Ant king: A tail of the alps.

For those that don’t know I traveled to France for 23 nights to do some cycling, kayaking and climbing.

I arrived in Geneva to a heavy downpour and little light. I cycled out and found a nice place to spend the night en route to Chamonix. The night was very wet and I was glad I had a bivy bag, although I did learn that you have to sleep with your feet above your head to stop the water from trickling to your feet and making them cold 😦

hungery, eat snail

I spent a night in Chamonix hoping to meet up with some climbers, unfortunately the main season hadn’t quite started to I headed to Grenoble. Grenoble is a very scenic city with much to do. I treated myself to a warm shower in a hotel room. It was nice. Bathing in random rivers is not for the fainthearted, especially as some of the streams were alpine G3, and no I did not wear a helmet or BA 😛

bat cave, awesome place to sleep

You can prepare for most things when touring on a bicycle. Unfortunately you cannot prepare for things you do not take into account. My maps got wet and turned into soft gooey mush.

From Grenoble I met up with a random cool French cyclist, who was not wearing any garlic, he told me Briancon was a long way away, which came as no surprise to me. I assured him I had a lot of spare time on my hands. We cycled together for most of the day and he taught me some French before pulling a U-turn to go home.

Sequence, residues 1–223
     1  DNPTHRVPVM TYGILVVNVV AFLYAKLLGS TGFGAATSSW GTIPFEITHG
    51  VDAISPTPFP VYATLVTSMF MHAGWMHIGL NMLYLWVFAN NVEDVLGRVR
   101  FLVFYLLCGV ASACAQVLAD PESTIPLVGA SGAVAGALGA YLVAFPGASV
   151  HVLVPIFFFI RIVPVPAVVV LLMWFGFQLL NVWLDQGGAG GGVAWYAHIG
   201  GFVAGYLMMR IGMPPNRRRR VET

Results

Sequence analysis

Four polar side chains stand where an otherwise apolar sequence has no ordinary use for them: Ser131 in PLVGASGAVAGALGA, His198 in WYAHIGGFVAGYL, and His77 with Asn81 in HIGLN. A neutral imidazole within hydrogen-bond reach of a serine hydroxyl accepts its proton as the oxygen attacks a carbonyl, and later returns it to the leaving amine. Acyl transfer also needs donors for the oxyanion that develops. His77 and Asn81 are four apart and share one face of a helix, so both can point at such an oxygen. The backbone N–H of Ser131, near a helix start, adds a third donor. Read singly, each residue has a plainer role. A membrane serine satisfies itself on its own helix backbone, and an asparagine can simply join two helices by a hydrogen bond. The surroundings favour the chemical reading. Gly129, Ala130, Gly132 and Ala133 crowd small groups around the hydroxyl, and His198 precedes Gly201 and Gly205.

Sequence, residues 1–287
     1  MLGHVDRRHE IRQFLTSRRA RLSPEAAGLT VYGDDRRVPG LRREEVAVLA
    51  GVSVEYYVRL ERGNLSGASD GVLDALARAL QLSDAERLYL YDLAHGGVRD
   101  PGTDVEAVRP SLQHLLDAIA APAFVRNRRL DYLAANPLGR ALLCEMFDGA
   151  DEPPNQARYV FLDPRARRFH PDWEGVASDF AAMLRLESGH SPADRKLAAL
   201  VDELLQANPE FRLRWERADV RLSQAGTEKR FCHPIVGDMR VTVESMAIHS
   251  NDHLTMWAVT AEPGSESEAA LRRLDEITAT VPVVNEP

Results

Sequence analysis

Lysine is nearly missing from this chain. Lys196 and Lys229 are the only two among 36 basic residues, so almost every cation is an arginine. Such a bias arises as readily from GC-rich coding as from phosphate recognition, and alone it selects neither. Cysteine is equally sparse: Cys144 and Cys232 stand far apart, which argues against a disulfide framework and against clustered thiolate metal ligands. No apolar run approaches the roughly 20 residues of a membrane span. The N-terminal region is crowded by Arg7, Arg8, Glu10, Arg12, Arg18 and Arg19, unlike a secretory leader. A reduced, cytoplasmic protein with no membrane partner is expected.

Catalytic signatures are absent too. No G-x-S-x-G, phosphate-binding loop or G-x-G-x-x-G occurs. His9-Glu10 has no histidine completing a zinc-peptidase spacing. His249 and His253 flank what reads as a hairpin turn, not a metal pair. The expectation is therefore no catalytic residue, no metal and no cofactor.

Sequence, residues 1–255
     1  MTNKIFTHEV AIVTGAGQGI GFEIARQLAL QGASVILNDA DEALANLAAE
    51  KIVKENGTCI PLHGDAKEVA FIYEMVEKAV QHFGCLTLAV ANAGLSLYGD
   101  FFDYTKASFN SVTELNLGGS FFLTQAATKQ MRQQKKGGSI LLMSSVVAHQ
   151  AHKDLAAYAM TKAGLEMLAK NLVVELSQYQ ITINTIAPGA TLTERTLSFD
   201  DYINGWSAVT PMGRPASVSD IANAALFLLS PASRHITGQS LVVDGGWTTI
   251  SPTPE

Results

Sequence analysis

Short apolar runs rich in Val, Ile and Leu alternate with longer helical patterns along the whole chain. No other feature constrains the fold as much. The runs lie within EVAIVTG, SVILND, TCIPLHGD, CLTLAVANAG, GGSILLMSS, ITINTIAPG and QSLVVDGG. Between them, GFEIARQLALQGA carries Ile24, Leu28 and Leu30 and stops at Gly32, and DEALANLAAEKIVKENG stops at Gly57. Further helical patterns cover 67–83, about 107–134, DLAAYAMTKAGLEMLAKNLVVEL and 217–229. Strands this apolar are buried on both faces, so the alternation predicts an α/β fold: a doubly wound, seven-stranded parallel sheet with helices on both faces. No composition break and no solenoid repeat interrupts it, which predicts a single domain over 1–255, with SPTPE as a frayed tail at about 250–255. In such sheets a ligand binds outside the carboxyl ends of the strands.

I arrived in the Argentiere campsite briefly and talked to a couple of nice lads from Bath who let me look at a map of the area and I decided to go to do the Chat.Q. Via Ferrata. I did the climb in what must have been a record time (it started to rain on me) and then left to head back to Argentiere. The route back I saw a sign for Briancon and followed it. This bloody road did nothing but go uphill for 20 km. For those that do not know, I was climbing Col de Izoard one of the routes on the “Tour de France.” Anyway, cut a long storey short, do not walk on cycling cleets as they then break and you cannot clip in. Meaning that cycling becomes very painful as your feet slip off pedals and max out onto concrete. I spent a glacial night at the top of the Col before riding into town below. I rewarded myself with half a kilo of cake; I like cake.

I returned to Argentiere campsite to randomly bum of other Unis and to make some new friends.

(<3 Noj, guy with 10 names, Birmingham, Uea and Struph)

Cool Unis :

Birmingham, UEA, Warrick.

I at this point took up a challenge to sleep in a different place for the rest of the holiday, as I had already been doing this for the first week! Although I had a good start and finish, I got lazy half way and slept in the gazebo for 2 nights in an row 😦

Eventually the Liverpool contingent turned up and I _motivated_ them to do some rivers. I hope someone who took photos from this week can write up a fuller report as I feel this one will be long enough!

Eventually Dave arrived with some maps. We got really drunk, like the Romans, and made a plan.